Mixed findings on Metformin contamination

27699468 - tablet with the chemical formula of metformin

Reassuring messages from TGA after investigation reveals some contaminated Metformin batches 

The risk to patients who have taken metformin that is potentially lightly contaminated with a potentially carcinogenic nitrosamine has been ruled to be “very low” by the Therapeutic Goods Administration.

However, it did find that almost a third of tested metformin batches did contain N-nitrosodimethylamine (NDMA), a type of N-nitroso compound that may be carcinogenic with long-term exposure.

The TGA launched an investigation into metformin in late 2019 after it became “aware that some overseas regulators have detected low levels of NDMA in a small number of metformin products”.

“Recently, the TGA’s laboratories completed testing a selection of immediate- and extended-release metformin medicines for the presence of NDMA,” it said in a release issued today (18 November).

“This research found that approximately 30% of batches contained levels of NDMA that modestly exceed the acceptable limit (less than twice the limit)”.

One batch was found to have higher levels (4.4‑times the limit). Only limited stock of this batch has been supplied, the TGA said, and it has now been recalled from wholesalers.

The TGA says it has “carefully considered the risk for patients from batches that modestly exceed the limit”.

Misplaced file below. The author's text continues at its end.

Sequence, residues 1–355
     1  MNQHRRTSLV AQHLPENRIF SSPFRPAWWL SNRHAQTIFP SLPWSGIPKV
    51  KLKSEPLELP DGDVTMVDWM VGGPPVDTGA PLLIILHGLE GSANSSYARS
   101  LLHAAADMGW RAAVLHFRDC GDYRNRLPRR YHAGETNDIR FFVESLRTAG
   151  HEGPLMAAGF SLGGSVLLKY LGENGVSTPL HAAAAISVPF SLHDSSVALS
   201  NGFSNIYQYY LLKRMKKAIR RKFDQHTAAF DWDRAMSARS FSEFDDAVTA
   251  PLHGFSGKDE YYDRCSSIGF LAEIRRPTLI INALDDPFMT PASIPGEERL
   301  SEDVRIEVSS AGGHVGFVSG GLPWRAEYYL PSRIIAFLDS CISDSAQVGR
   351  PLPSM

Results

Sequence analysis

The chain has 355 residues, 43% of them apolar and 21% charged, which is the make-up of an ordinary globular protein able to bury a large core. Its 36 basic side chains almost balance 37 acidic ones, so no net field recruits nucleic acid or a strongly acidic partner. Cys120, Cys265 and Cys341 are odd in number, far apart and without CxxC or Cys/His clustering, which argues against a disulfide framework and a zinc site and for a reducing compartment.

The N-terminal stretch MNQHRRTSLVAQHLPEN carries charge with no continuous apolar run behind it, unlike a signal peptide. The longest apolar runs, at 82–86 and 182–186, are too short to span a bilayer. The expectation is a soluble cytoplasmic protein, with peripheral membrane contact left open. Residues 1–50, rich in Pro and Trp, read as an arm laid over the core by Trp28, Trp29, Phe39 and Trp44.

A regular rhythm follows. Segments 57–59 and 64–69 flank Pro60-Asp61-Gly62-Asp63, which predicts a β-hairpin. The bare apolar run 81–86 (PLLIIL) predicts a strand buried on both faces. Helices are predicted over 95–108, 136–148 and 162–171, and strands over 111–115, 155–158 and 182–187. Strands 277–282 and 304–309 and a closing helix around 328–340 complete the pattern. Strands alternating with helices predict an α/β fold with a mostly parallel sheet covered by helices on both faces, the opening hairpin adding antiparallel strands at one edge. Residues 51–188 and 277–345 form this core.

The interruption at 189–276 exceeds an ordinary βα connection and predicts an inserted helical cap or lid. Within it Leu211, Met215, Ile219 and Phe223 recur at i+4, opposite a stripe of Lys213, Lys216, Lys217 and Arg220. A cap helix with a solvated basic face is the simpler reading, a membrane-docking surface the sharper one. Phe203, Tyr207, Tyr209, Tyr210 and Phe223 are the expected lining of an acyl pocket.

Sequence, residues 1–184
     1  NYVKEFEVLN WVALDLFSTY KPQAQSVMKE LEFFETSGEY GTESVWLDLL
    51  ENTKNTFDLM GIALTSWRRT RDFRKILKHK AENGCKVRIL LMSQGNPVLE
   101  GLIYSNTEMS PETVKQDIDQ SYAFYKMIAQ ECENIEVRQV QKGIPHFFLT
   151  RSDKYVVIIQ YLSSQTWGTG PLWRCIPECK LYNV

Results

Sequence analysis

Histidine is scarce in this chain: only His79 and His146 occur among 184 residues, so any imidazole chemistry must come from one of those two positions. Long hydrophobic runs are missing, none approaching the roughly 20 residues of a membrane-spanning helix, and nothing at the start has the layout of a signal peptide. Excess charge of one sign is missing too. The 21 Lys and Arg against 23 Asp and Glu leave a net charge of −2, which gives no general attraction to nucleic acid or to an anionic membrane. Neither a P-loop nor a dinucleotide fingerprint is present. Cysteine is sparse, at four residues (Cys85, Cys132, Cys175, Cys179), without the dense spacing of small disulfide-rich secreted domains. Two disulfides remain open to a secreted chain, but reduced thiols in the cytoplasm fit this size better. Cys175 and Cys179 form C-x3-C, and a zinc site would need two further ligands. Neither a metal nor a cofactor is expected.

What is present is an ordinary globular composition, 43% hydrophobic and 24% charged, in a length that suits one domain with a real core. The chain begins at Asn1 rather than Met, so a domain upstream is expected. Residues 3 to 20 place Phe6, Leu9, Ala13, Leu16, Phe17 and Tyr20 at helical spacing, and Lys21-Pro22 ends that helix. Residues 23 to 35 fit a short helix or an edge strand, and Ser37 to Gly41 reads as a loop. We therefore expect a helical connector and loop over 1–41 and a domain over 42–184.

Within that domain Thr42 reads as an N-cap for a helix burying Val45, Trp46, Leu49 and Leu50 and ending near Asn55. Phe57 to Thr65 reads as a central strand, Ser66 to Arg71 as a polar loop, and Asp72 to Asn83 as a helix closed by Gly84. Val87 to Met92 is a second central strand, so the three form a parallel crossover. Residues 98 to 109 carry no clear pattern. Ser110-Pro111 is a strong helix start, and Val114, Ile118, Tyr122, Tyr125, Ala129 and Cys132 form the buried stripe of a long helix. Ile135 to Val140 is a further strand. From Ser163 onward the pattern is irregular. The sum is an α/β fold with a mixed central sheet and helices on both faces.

“Overall, the risk is considered to be very low for patients on both immediate- and extended-release products,” it concluded. “The TGA investigation indicates that the majority of patients would not be exposed to levels of NDMA that exceed the acceptable intake limit”.

The limits set by the TGA for NDMA are “very conservative”, it said.

They are calculated to ensure that an individuals’ excess cancer risk would not exceed 1:100,000 if that individual was on the maximum daily dose of the medicine for 70 years.

As most individuals do not take the maximum daily dose, and are not using metformin for this long, the risks are “very low”.

The TGA says it is continuing to work with the sponsors of metformin medicines to ensure that this critical medicine remains available, and that consumers are not exposed to unacceptable levels of NDMA.

Consumers are strongly advised to continue to take their metformin medicines as prescribed, it urges.

N-nitroso compounds are commonly found in low levels in a variety of foods, particularly smoked and cured meats, as well as in some drinking water and in air pollution. Long-term exposure, over many years, can increase an individual’s risk of developing cancer.

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